Despite being located in the middle of a city, the Richmore Residence still feels cozy and offers a resort-like ambiance. Architect Mañosa explains that regardless of the site’s location, there will always be enough space to try and achieve a small slice of tranquility to convert a house into a relaxing home.
The project was part renovation and part new construction. Working with the existing house and integrating the space into the new lot were challenging for the team. The steep slope also added an extra challenge as it changed the elevation from the existing house to the new section of the house.
The team wanted the spaces to feel “earthy” and grounded. At the same time, the spaces should also feel human and unpretentious. For Architect Mañosa, these are the types of spaces that refill the mind and soul after a hard day’s work.
Apart from the aesthetics, paying attention to the comfort of the house is another Mañosa signature. According to Architect Mañosa, the Richmore Residence is a climate-conscious house. The team spent a lot of time studying the sun paths and prevailing winds in the area before the development of schematic designs. The house also promotes indoor air quality. His team was conscious not to specify harmful glues and paints with volatile organic compounds.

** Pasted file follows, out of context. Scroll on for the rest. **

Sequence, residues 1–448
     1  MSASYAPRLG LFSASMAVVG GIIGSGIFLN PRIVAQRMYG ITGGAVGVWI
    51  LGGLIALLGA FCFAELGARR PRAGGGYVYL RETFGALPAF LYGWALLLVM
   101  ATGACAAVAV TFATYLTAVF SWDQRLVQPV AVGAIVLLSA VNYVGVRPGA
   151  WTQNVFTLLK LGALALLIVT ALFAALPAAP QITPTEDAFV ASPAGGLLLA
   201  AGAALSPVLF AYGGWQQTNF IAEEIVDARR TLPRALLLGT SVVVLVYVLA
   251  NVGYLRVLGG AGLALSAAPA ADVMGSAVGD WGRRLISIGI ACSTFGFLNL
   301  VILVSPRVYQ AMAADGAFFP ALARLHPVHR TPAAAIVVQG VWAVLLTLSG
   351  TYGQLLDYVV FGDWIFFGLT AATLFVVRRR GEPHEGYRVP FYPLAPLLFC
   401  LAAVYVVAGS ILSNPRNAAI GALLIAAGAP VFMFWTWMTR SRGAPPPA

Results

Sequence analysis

Additionally, the team would have preferred to use indigenous materials and local products to lessen the project’s carbon footprint. Architect Mañosa, however, explains that the house can “breathe” as prevailing winds allow for proper passive cooling and ventilation.
He adds that the project doesn’t violate the firm’s self-imposed Natural Daylight Criteria which assures their clients that the amount of sunlight they get in the room is ample for their needs. This makes natural daylight a choice, allowing residents to control the amount of sunlight in a space as opposed to automatically having to turn on artificial lighting. It is one energy conservation strategy that the team has designed for the residence.